for release Friday August 5, 2005
by Melodie Davis
Is Your Paper (Or Electronic) Trail in Order?
Two recent experiences in our extended clan have caused my husband and me to take a closer look at how well we’ve covered our tails on where important papers are, what they cover, having the right papers, and protecting our names, numbers and passwords from identity thieves. No one can be fully protected, and nothing—short of going underground and not coming out for the next 50 years—can guarantee that nothing will go wrong.
A relative lost his billfold, in a public parking lot at night and he didn’t realize it. You can guess the rest of the story. Someone found the wallet, extracted the cash and the credit cards, and then trashed the wallet on a state highway in a rainstorm. Another dear soul found the discarded wallet, and using this man’s fishing license for reference, called the family and reunited the man and his wallet.
This man was happy to have one piece of the puzzle solved, and assumed the driver’s license was gone as well. A stolen driver’s license is a worthwhile commodity these days, and he was bemoaning all the red tape it would put him through.
As he and his wife dug out the rest of the papers in the wallet to dry them, they found the license stuck between old receipts. In all, they came out pretty lucky: about $25 in cash stolen, and two credit cards which they promptly cancelled (before anyone used them).
The wife, in this case, realized that she carried many more department store cards than her husband. She would have had a lot more cards to research and cancel (and maybe even forget one).While usually you aren’t liable for more than $50 on any one card if you report it stolen in a set amount of time, if you are carrying six to eight cards that quickly adds up to a painful amount.
One ad reminds consumers that protecting one’s identity is not just a matter of taking precautions about recording numbers and being vigilant on the Internet: more stolen numbers are obtained by crooks going through mail or garbage than off the Internet!
Second, do you know where all your important papers are, and do your family members? An elderly relative was trying to sell a piece of vacation property recently. A buyer was lined up, and they put money down and signed the customary contract stipulating that the property would need to go through a title search before the deal would be completed.
A title search is just routine, right? Never turns up anything unusual. Wrong. In this case, a lien on the property was found, saying they had never finished paying it off. The couple was sure they had finished paying it off, but couldn’t produce any written evidence that they had. They didn’t realize they didn’t have a title for this property in their bank lock box. Oops. Long story short, the situation is currently being battled out by lawyers. What a mess.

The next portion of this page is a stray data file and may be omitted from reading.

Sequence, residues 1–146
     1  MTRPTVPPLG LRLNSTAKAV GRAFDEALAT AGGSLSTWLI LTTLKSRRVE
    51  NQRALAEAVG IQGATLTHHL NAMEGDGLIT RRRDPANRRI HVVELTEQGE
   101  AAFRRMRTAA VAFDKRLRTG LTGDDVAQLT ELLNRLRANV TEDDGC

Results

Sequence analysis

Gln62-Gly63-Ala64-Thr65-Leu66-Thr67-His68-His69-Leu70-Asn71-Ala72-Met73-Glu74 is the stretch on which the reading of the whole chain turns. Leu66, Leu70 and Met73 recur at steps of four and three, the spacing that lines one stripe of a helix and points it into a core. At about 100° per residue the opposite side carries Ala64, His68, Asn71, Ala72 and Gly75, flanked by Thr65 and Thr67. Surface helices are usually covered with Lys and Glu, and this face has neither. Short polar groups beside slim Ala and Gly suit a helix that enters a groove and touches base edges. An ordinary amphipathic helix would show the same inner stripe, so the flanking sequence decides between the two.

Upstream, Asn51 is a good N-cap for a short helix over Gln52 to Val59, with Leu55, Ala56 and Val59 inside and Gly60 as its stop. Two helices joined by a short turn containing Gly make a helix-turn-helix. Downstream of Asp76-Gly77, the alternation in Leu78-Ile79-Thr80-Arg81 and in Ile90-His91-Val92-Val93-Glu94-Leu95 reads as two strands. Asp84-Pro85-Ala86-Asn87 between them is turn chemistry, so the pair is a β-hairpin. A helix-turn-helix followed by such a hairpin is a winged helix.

This situation prompted me to visit our lock box to make sure all our vehicle deeds and property titles were there, and to make a list of the lock box’s contents and place it in a file cabinet at home for the kids (or whoever) might have to look for such a thing.
Other tips for protecting your identity and improving your paper trail are:
Protect a debit card like cash: if stolen, losses come from your own bank account, not the credit card company.
Get a credit report occasionally to check on your credit history (you might discover unused accounts that are still open) and it will reveal whether someone has stolen an item out of your mailbox or trash and used your name and information to set up bogus accounts.
Don’t carry unneeded credit cards, your social security card or birth certificate in your purse or wallet.
Always take your ATM, credit card, and other receipts with you; file in case there is a question on bills, or destroy.
Cancel unused credit card accounts: they just invite trouble and can actually lower your credit rating.
Never give out your social security number to any person or company unless you know them or have initiated the contact yourself.
Consider changing the number on your driver’s license to a true I.D. number rather than your vital social security number.
(Adapted from Susan Okula, “Protect Yourself from Identity Theft” from MSN “Money” website, http://moneycentral.msn.com/articles/banking/credit/1342.asp ).
“Ultimately,” Okula concludes, “you cannot prevent identity theft from happening, but you can reduce the odds.”
We all have better ways to use our money and stress out our days than chasing down/completing red tape to restore our identities and our carefully earned business history.
Any stories you’d like to share? Write to me at: Another Way, Box 22, Harrisonburg Va., 22802, or e-mail firstname.lastname@example.org (Please include your paper's name in your response.)
You can also visit Another Way on the Web at www.thirdway.com.
Melodie Davis is the author of seven books and has written her column since 1987. She taught feature writing and has won awards from the National Federation of Press Women, Virginia Press Women and the American Advertising Association. She and her husband have three daughters.
NOTES TO EDITORS: text = 831 words; end material = 105 words
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